The Dialectic of Sex
In 1920 the German communist Clara Zetkin had a long talk with Lenin on the subject of women. Lenin railed against what now would be called the “consciousness-raising” groups radical women in Germany were then conducting: “The first state of proletarian dictatorship is battling with the counter-revolutionaries of the whole world,” he told her, “…but active Communist women are busy discussing sex problems and the forms of marriage.” Zetkin stood her ground. These discussions were necessary, she argued, to clear away the hypocrisy of bourgeois society. Lenin and Zetkin talked and talked, they seemed close to an understanding, Lenin took her arguments seriously. Then, ushering her out at the end of the interview, “You should dress more warmly,” he suggested. “Moscow is not Stuttgart. You need someone to look after you.”
His suggestion would now be called “sexist,” and yet Lenin tried to abolish the nuclear family in Russia, open the way to easy divorce, and provide abortion on demand. All his efforts were overthrown by men who were more “realistic” about the needs of the proletarian dictatorship. Does it really matter that Lenin treated Zetkin as a frail creature in need of a protector?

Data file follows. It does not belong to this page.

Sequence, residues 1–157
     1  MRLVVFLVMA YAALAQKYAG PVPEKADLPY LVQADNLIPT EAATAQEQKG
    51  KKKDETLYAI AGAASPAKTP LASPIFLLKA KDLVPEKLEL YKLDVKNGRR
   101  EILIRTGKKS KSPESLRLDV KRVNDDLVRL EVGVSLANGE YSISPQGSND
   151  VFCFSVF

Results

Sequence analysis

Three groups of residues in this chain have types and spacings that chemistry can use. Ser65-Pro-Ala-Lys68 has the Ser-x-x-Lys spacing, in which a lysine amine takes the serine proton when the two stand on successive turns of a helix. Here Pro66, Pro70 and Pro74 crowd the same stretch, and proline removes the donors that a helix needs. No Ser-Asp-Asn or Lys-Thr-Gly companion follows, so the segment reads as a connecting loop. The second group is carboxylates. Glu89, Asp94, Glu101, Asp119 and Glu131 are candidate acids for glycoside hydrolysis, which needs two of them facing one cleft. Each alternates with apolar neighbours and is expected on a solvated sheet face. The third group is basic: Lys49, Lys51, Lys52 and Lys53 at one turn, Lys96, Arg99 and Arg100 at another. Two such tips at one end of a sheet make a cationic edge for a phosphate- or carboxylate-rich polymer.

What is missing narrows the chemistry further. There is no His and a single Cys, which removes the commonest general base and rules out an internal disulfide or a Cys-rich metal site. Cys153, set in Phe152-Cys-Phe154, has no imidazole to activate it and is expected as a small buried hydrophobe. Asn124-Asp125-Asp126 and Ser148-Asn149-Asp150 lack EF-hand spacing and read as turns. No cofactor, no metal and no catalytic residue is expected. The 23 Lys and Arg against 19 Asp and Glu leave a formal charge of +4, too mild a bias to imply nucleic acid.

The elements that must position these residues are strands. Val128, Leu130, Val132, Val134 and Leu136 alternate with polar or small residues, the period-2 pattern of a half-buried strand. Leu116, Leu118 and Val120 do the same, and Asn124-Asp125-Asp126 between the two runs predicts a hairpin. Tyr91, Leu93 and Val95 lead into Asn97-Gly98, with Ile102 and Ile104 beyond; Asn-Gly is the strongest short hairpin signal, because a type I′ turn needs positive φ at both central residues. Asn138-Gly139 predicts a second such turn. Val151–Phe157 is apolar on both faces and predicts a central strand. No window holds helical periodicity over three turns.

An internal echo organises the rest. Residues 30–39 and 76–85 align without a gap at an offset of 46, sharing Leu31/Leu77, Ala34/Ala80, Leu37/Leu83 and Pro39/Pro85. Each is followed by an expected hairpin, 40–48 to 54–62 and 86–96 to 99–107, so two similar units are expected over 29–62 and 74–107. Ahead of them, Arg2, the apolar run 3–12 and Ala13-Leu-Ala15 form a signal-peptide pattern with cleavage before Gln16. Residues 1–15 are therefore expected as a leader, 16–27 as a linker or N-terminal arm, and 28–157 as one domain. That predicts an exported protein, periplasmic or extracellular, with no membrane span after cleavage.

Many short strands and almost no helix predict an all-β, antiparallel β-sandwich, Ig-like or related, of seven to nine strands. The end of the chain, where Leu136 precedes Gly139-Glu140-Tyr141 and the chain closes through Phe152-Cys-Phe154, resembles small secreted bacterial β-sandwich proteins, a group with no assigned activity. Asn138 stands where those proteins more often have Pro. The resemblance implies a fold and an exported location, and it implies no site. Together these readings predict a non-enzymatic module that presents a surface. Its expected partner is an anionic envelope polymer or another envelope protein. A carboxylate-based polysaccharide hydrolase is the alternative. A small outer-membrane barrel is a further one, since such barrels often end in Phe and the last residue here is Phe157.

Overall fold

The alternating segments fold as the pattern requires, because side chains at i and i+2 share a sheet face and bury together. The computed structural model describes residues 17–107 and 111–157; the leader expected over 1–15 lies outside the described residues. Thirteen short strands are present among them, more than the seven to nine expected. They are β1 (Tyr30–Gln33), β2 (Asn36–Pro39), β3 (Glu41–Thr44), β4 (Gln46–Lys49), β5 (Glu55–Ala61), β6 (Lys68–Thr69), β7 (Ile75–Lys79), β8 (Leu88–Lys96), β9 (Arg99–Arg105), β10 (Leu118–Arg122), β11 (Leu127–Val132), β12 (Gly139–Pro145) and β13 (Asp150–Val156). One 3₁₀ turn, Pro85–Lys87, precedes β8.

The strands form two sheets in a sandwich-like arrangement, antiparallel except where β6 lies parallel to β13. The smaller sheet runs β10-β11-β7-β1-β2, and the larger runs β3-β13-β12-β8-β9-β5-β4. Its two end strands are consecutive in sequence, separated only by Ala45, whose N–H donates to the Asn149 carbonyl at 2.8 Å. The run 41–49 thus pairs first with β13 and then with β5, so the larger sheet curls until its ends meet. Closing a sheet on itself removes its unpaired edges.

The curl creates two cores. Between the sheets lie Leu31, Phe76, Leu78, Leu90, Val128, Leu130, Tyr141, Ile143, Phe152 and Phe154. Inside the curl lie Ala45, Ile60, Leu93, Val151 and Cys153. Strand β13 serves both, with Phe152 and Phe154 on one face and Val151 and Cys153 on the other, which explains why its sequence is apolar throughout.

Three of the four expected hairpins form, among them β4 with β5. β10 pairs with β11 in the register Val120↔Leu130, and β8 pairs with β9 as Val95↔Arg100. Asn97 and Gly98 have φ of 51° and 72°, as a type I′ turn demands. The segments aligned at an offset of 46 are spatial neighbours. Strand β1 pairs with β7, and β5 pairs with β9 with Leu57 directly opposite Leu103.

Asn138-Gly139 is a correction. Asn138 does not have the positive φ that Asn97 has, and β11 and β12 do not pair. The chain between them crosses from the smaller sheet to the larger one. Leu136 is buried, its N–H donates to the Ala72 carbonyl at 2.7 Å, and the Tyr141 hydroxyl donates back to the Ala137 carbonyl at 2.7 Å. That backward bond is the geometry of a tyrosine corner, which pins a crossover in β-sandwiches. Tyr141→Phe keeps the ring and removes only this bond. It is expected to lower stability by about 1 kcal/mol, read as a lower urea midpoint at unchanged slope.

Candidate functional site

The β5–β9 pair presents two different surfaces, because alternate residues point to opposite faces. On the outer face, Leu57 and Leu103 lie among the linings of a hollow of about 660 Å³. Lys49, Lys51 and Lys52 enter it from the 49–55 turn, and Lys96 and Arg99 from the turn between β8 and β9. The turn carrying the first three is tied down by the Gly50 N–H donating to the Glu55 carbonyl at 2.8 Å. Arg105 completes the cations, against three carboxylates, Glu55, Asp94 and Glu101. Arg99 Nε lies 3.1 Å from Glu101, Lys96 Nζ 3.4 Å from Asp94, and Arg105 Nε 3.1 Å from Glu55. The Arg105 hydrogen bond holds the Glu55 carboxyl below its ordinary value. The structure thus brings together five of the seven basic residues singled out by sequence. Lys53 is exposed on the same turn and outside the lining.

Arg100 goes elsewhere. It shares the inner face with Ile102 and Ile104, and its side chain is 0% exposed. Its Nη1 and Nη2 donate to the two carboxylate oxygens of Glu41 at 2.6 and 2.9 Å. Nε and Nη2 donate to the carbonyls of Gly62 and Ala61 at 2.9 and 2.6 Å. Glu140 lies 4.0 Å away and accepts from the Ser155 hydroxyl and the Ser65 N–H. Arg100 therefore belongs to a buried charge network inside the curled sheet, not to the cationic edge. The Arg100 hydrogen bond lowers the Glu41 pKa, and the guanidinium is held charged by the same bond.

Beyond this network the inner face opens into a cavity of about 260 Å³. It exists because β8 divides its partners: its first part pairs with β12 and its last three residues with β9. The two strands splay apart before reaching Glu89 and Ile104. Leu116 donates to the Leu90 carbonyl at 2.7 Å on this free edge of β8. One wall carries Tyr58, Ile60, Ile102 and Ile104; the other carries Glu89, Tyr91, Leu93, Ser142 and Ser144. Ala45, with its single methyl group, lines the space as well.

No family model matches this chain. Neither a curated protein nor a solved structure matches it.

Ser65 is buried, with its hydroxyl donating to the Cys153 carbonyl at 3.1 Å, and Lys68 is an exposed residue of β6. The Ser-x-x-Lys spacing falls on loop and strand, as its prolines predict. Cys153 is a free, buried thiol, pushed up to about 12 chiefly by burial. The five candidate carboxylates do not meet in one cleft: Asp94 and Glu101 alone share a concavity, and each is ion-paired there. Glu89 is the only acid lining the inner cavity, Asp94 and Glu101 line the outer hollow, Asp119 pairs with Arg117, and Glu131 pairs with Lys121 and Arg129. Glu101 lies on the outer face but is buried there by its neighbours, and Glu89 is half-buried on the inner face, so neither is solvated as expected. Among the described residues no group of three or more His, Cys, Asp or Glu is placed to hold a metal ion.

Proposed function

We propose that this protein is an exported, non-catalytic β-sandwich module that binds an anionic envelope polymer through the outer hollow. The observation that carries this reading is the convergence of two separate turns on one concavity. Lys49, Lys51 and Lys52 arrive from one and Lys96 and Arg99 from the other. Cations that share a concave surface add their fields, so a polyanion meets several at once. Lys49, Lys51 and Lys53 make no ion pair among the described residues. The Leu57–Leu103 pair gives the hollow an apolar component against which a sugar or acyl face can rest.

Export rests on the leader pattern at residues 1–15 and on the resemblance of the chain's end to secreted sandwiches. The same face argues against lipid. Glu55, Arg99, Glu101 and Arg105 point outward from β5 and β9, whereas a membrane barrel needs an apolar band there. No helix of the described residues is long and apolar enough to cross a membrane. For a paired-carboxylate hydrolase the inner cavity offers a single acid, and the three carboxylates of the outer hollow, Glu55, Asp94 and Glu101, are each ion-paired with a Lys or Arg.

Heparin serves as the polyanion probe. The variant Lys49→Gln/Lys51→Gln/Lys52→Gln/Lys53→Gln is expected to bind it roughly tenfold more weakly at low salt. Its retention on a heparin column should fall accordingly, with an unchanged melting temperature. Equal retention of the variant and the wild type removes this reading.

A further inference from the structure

It does matter, to people who are now engaging in radical politics of a very different kind from Lenin’s. The only protest groups that have survived the 1960s and the era of Mao-Nixon tea parties are those that are challenging sexual mores. In addition to women’s groups, the movements for male liberation and for gay liberation, male and female, all began as intimate discussions; the people involved felt their sexual identities oppressive and needed the insights and comfort of others with the same feelings. Few of these groups intended to form political cadres when they began—indeed, for many women it was the contempt they suffered in organized groups like SDS that prompted them to start the discussions.
To find a politics that is organized and has ideological coherence has nonetheless become a problem. A gay woman sleeps with girls, but society, titillated, calls it morally repulsive and may put her in jail. As therapy, consciousness-raising groups soon reach a dead end because the people in them are not the authors of their own distress; the oppression or shame comes from outside the individual. Women and men who share their wounds are not, by meeting and talking together, put in a position to erase the sources of their injuries.
Lenin was acting for the masses whom he believed could not spontaneously organize themselves. But what kind of ideological position is appropriate for people who, acting for themselves, have explored themselves and their sexual identities in intimate groups and then found they have to deal with more general and impersonal social forces? How are the lessons of experience, the “raised consciousness” of sexual identity to be made a part of an analysis of society? These are the questions raised by Juliet Mitchell and Shulamith Firestone in their quite different books about the oppression of women.
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